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Art, Popular Culture, and the Classical Ideal of The 1930s (ebook)
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Art, Popular Culture, and the Classical Ideal of The 1930s: Two Classic Films — A Study of Roman Scandals and Christopher Strong by David Soren
A beautifully illustrated book that takes an in-depth look at Roman Scandals and Christopher Strong, and, as an added bonus, Dr. Soren received permission to publish the unfinished autobiography of pioneering female filmmaker Dorothy Arzner.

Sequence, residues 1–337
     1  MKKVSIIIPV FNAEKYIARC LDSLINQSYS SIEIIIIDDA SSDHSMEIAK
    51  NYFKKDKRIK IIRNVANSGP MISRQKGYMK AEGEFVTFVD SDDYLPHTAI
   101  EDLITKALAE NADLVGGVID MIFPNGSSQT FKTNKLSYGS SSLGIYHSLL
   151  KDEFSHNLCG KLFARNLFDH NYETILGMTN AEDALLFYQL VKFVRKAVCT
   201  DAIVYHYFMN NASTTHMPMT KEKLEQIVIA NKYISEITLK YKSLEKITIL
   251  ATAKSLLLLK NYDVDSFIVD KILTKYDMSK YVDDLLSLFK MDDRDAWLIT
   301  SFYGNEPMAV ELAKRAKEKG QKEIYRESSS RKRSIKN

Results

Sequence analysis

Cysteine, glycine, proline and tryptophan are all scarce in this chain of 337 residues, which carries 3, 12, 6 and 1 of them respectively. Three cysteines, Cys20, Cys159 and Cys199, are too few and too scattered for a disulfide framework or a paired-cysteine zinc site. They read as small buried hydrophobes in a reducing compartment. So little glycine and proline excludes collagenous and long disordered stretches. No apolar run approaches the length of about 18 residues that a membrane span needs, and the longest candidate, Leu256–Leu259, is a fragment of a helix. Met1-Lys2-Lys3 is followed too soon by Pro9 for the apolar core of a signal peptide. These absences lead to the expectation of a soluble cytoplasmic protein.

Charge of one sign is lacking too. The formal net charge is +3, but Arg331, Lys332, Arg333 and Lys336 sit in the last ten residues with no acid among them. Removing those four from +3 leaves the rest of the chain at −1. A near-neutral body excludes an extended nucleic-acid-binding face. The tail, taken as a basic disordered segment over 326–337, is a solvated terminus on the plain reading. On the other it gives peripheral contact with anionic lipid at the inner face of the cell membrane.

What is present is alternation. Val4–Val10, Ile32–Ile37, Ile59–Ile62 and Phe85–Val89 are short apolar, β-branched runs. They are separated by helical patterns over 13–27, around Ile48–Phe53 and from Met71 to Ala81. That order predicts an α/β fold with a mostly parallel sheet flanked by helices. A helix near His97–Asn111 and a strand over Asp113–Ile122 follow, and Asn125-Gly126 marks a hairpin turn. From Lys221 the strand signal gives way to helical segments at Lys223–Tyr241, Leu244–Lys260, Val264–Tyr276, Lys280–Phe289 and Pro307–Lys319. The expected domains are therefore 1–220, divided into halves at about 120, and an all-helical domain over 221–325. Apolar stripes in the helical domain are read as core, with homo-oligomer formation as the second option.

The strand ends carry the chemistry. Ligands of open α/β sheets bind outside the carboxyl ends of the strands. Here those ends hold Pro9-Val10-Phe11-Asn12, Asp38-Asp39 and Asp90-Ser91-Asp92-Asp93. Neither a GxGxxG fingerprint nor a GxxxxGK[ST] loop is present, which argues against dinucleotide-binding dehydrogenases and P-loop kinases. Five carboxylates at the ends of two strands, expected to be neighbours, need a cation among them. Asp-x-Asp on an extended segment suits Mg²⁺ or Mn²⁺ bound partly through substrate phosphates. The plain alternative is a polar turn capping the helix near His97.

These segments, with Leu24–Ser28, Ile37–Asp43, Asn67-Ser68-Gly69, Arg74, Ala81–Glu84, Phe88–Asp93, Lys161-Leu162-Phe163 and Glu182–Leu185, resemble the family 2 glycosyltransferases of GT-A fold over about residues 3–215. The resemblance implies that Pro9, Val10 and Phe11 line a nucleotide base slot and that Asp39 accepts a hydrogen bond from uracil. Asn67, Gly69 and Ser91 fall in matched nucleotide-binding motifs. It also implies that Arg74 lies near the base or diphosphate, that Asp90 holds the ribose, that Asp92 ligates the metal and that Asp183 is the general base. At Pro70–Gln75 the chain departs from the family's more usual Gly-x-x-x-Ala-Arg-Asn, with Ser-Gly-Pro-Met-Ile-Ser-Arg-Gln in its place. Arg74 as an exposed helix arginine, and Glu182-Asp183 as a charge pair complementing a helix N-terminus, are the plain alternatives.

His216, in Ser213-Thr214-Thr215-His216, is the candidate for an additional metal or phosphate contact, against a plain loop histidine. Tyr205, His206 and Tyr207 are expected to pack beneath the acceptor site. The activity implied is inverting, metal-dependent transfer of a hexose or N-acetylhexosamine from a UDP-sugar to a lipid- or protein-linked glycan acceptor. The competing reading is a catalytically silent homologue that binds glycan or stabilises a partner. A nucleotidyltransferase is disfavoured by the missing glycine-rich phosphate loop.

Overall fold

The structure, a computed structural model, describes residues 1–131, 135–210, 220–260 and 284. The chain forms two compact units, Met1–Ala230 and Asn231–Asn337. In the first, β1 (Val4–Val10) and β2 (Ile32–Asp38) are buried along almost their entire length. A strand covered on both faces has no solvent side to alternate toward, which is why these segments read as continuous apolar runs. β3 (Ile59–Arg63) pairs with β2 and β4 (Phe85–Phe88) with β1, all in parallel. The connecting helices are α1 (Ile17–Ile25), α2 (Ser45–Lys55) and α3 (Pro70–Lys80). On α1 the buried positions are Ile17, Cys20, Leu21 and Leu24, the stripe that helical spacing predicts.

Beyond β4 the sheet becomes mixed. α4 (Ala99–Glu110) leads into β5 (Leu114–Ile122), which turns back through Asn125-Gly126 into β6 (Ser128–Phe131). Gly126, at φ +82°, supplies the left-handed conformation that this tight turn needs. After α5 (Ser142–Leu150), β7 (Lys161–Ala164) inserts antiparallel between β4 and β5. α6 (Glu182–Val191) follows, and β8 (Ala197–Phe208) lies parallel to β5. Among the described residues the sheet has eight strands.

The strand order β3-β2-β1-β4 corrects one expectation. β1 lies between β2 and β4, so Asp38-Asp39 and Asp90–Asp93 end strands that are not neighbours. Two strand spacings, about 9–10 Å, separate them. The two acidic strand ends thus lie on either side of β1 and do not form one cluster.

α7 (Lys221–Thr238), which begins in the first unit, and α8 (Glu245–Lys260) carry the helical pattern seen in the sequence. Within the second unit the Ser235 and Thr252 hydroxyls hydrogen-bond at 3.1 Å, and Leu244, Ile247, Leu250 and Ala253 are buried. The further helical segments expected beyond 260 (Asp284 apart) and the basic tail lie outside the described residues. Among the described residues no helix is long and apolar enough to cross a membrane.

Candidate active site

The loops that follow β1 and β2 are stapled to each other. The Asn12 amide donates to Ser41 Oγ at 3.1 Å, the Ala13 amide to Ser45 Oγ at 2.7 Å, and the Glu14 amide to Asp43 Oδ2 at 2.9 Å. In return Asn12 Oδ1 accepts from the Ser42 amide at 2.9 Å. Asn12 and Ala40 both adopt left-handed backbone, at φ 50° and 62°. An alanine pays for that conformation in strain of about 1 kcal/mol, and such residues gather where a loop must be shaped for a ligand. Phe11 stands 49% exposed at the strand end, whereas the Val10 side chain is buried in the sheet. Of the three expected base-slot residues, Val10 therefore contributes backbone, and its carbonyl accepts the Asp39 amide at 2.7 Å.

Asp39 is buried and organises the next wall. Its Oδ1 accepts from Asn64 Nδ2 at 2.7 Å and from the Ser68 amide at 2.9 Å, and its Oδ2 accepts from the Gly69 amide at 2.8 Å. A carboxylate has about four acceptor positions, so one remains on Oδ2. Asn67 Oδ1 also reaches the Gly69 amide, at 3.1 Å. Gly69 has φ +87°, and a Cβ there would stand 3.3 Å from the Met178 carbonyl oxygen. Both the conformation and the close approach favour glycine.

The 1930s were a time of contrasts. At a time when Americans had less money than at any time in their history, most movies revealed the obsession of the American people with elegance, wealth and beautiful people, so that an alien from Mars seeing most of these films would imagine that the society that had made them was entirely wealthy and not in the depths of The Depression. The 1930s were also an era of innovation in technology and design, when form began to follow function and everything streamlined, curvy and blonde was “in.” Anyone unfamiliar with the 1930s can nonetheless instantly recognize that the hairstyles, costumes, and sets have a particular look to them. The 1930s were tragic, elegant, fascinating, and fun. Enjoy discovering them through the magic of the movies.